The Bat: Making Catchphrase History
You know, when your title character looks vaguely uncomfortable on the cover to the comic, it might be time to rethink your costume design.
Such is the case with The Bat, pictured here by Dave Dorman, studiously avoiding making eye contact with the reader and clutching a woman who appears to be thoroughly disinterested.
In case you're wondering what that dude's deal is--and with a mask like that, how could you not be--I'll explain. Created by Mark Wheatley (of Frankenstein Mobster fame) and Rich Shanklin, with pencils by Neil Vokes, The Bat is one of those comics where it's really hard to tell whether the creators meant it to be serious or not. But considering the incredible amount of over-the-top 1990-style violence, I'm going to go ahead and vote for the former.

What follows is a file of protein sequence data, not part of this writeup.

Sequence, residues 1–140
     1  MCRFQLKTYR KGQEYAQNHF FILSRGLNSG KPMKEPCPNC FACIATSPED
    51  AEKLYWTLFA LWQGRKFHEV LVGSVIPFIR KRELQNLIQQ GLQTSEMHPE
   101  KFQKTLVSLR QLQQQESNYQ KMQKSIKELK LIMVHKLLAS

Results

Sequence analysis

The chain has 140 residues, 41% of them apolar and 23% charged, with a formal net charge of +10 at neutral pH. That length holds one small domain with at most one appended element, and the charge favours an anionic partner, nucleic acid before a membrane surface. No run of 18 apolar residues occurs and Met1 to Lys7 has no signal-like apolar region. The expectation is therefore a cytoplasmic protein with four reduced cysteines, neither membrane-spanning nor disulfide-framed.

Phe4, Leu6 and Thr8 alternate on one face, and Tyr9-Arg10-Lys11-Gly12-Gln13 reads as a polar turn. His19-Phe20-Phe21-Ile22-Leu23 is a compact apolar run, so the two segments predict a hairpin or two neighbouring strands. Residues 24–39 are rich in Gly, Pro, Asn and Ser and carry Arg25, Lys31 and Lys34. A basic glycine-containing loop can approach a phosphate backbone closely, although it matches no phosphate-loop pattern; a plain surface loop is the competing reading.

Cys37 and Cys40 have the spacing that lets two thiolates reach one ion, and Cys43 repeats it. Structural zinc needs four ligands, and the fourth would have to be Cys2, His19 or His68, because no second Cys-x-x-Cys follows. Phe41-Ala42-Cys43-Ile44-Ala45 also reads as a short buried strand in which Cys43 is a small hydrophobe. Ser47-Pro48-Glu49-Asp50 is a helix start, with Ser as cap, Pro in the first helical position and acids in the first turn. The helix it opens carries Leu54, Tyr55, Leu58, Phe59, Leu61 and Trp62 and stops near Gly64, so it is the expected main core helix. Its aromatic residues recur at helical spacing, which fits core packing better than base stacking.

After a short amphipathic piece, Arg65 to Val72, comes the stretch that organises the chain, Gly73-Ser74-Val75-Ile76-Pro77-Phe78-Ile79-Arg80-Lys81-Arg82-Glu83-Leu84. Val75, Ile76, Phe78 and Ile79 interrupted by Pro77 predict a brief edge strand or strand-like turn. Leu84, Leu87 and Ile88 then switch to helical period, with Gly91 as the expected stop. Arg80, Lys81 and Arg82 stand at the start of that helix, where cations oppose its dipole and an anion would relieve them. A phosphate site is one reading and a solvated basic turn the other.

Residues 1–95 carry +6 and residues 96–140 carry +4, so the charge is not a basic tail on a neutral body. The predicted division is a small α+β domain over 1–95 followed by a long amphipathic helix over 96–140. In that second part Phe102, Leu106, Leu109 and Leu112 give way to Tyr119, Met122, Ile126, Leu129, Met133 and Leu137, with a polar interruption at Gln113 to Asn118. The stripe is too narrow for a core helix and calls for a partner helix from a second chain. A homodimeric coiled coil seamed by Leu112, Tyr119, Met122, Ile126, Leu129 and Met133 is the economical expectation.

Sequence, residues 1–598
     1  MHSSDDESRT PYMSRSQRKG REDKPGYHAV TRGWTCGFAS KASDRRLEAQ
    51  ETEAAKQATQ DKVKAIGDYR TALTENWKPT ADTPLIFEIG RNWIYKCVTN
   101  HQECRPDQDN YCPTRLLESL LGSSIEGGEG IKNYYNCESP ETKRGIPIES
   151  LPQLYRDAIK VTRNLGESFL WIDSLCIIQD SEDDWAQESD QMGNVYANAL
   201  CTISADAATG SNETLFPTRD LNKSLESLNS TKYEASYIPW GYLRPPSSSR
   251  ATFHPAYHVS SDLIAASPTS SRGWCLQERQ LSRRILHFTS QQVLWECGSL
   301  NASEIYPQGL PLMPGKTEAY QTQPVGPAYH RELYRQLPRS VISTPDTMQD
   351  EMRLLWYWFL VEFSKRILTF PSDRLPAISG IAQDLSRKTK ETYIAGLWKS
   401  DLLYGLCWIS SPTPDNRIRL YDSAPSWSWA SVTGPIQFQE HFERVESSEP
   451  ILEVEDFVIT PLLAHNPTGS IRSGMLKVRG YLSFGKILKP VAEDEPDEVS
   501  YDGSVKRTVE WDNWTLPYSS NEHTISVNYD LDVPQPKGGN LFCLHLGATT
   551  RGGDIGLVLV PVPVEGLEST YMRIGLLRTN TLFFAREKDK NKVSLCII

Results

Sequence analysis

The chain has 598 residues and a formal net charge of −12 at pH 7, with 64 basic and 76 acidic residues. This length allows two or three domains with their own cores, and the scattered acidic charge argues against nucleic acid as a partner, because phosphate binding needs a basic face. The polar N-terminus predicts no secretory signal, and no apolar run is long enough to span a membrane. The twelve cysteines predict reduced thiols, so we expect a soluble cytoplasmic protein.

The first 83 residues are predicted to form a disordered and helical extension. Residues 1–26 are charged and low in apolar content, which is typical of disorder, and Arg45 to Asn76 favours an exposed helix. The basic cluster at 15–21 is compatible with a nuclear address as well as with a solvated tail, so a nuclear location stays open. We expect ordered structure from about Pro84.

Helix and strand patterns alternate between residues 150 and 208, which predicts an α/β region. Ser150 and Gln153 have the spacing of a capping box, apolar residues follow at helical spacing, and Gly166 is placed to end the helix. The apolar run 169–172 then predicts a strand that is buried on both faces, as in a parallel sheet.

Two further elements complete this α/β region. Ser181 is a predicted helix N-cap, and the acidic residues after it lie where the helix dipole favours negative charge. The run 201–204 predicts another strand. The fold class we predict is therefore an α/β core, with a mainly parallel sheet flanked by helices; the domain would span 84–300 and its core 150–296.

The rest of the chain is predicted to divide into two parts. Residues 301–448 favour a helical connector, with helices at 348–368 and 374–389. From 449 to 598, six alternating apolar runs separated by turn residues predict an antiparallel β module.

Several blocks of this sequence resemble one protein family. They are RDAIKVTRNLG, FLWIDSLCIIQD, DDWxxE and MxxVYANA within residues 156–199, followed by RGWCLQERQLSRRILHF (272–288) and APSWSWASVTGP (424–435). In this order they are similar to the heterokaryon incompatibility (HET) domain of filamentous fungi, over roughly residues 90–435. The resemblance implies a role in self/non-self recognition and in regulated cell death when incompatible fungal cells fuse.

Anyway, The Bat is one Wesley Sharp, who--and stop me if you've heard this one--is leaving a showing of The Mark of Zorro one night in 1924 when he sees a young boy's parents get murdered in an alley, and decides that this is not a good thing. So, after getting the unnamed boy to safety, Wesley embarks upon a round-the-world journey to hone his crime-fighting skills, eventually returning home with the inexplicable nom-de-guerre and astonishingly high-collared outfit of The Bat, and goes off to fight crime.
After fifteen years of this, he's eventually strung up and shot, but thanks to a series of events involving a ring of slavers, a vampire, and his girlfriend's favorite necklace, he comes back from the dead just long enough to exact his revenge before he dies yet again. Except this time, his soul forms itself into a bat and flies off into the night and through a conveniently-located study window where some kid's waiting around for an omen.
This is, of course, largely irrelevant.
The real reason this guy makes it to the ISB? Simple: He has what is quite possibly The Single Greatest Catchphrase In Comics History: